Presentation on theme: "Phonics. Letters and sounds is a six phase teaching programme which starts from Nursery and continues to be taught primarily within Key Stage 1 and within."— Presentation transcript:
Letters and sounds is a six phase teaching programme which starts from Nursery and continues to be taught primarily within Key Stage 1 and within Key Stage 2.
Within the Nursery age children will begin learning phonics at Phase 1. When secure with this they can progress through Phase 2 where they will learn initial sounds. In Reception children will learn through Phase 2, 3 and 4. In Year1 children will learn many alternative spellings for the same sounds. This will prepare them for the Phonics Screening Check in June. In Year 2 children will learn about prefixes and suffixes along with grammar and spelling rules. Phase 6 continues throughout KS2.
Teach Introduction Objectives and criteria for success Revisit and Review Practise Apply Assess learning against criteria
Terminology used by the children and staff... Phoneme This is the smallest unit of sound in a word. We generally use 44 phonemes in spoken English. Grapheme This is a symbol for a phoneme. It is a letter or group of letters which represent a sound. Digraph This is when two letters represent one sound. This is a two letter grapheme. For example in /sh/ in push and /oa/ in boat.
Trigraph This is a three letter grapheme, where three letters represent one sound. For example ‘igh’ in knight. Blending This involves phonemes being put together to read a whole word. For examples s/a/t. Segmenting This involves a word being broken down into phonemes. For example d/ay.
Phase 2 In this phase children will continue practising what they have learned from phase 1, including ‘sound-talk’. They will also be taught the phonemes (sounds) for a number of letters (graphemes), which phoneme is represented by which grapheme and that a phoneme can be represented by more than one letter, for example, /ll/ as in b-e-ll. We use pictures and hand movements to help remember these.
Phase 2 VC and CVC words C and V are abbreviations for ‘consonant’ and ‘vowel’. VC words are words consisting of a vowel then a consonant (e.g. am, at, it) and CVC words are words consisting of a consonant then a vowel then a consonant (e.g. cat, rug, sun).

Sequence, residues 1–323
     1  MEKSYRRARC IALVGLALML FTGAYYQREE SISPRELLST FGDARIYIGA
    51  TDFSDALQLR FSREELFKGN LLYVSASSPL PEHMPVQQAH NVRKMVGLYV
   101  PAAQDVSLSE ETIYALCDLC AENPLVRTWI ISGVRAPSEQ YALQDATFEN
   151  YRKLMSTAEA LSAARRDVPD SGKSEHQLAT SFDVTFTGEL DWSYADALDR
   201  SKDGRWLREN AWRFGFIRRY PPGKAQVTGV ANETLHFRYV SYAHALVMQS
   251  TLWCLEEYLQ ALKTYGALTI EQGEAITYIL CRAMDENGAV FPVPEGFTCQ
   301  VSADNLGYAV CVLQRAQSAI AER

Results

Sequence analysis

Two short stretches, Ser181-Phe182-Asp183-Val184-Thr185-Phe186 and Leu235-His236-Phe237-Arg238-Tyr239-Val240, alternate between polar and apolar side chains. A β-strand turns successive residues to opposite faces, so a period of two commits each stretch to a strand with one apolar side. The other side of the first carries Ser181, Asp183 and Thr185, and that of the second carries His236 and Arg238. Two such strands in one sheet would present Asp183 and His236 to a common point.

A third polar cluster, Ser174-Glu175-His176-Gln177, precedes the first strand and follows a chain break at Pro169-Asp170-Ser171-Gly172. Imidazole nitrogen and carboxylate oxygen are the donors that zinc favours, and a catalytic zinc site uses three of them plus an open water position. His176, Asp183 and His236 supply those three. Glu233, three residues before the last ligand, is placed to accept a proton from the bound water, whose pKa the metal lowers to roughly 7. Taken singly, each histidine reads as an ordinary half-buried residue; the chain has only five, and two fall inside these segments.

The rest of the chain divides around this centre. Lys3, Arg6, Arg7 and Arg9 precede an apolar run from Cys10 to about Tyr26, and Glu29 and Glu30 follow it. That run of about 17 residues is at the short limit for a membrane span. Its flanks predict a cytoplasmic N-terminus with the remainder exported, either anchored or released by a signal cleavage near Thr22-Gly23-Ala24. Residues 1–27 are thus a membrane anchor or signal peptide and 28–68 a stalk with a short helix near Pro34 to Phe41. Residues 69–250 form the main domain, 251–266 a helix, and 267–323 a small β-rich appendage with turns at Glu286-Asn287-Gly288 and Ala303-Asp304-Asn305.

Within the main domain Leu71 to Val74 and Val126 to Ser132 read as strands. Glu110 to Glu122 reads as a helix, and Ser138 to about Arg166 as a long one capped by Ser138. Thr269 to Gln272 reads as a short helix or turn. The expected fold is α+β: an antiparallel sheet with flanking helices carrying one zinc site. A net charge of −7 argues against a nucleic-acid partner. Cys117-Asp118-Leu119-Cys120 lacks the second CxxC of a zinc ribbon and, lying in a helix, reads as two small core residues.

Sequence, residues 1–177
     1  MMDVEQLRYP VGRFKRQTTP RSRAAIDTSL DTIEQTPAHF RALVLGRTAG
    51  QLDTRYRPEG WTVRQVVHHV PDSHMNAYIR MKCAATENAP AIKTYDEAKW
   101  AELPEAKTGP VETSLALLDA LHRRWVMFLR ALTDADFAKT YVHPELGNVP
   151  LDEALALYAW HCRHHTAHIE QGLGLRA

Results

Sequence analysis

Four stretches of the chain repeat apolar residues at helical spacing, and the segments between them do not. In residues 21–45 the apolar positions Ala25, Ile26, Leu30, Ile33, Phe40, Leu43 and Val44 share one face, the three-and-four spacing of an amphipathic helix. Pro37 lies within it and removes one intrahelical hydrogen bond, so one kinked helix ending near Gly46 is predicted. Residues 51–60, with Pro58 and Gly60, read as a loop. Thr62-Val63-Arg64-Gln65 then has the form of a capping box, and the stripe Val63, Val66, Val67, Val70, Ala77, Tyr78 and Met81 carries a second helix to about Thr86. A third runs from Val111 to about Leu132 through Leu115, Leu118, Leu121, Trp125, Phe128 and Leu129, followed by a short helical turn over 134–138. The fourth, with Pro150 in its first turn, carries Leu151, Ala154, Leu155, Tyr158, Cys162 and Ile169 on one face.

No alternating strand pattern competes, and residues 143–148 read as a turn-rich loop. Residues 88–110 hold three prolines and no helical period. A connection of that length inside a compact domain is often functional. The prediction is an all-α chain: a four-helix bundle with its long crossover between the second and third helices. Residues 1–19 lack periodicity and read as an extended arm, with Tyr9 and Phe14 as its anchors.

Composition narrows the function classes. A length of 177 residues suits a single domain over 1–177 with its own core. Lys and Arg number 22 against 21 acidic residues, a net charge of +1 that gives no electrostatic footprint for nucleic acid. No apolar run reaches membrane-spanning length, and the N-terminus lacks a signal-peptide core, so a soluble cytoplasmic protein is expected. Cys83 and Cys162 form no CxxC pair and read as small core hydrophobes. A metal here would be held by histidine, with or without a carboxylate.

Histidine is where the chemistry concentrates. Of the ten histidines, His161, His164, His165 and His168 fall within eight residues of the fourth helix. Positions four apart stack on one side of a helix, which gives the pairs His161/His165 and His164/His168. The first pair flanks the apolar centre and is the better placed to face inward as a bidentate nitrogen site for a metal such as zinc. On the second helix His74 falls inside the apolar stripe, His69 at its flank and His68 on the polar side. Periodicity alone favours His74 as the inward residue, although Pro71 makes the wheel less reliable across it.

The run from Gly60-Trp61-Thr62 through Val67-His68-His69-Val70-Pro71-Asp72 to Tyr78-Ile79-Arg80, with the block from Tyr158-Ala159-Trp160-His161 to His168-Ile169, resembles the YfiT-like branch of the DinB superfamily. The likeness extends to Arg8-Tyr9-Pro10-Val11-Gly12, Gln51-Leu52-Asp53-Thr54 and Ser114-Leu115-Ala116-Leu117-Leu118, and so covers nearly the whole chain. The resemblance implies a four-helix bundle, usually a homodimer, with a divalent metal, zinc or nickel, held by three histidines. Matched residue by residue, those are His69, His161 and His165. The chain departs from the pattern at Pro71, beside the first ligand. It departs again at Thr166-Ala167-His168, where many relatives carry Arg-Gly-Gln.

Saying the sounds Your child will be taught how to pronounce the sounds (phonemes) correctly to make blending easier. Sounds should be sustained where possible (e.g. sss, fff, mmm) and, where this is not possible, ‘uh’ sounds after consonants should be reduced as far as possible (e.g. try to avoid saying ‘buh’, ‘cuh’). Phase 2
How can I help? Use magnetic letters to make words. Use the letter sounds rather than their names. Sound talk eg Please can you get your b-a-g. Elongate the sounds and get the children to teach you the actions.
Phase 3 The main individual letter phonemes have now been learnt, and children are reading CVC words independently Phase 3 teaches children to learn the graphemes (written sounds), made up of more than one letter, eg: ‘oa’ as in boat Your child will also learn all the letter names in the alphabet and how to form them correctly. Sound buttons
Phase 3 Read more tricky words and begin to spell some of them. Read and write words in phrases and sentences. Set 6: j v w x Set 7: y z zz qu Set 8: ch sh th ng Teach: ai ee igh oa oo ar or ur ow oi ear air er
How can I help? Sing an alphabet song together Play ‘I spy’ Play with magnetic letters, using some two- grapheme (letter) combinations, eg: r-ai-n = rain blending for reading rain = r-ai-n segmenting for spelling Praise your child for trying out words Ask for a list of tricky words Create phonic games with a timer Play pairs
Phase 4 This is a consolidation unit. There are no new graphemes to learn. Reading and spelling of tricky words continues. Tricky words such as they, have, little. Words featuring 4 or more sounds such as damp or stamp.
Children will broaden their knowledge of graphemes and phonemes throughout Phase 5. They will learn alternative pronunciations of graphemes including split digraphs.
ay dayoy boywh whena-e make ou outir girlph photoe-e these ie tieue blueew newi-e like ea eataw sawoe toeo-e home au Paulu-e rule New graphemes for reading:
We explain to children that the letters within the split digraphs always stay together and therefore always make the same sound. Therefore when a letter tries to come between the split digraph letters they continue to hold hands so make the same sound still!
The aim is to check that a child is making progress in phonics.
Children working at Phase 6 can read hundreds of words automatically. Children can decode words quickly and silently. During this phase children become fluent readers and increasingly accurate spellers. Children will learn different spelling rules when adding prefixes and suffixes for example, Therefore, the spelling rule for adding –ed to tap is to double the last consonant and then add –ed. This is because there is a single consonant sound within the word. This is only one rule and there are many more rules just for the suffix –ed!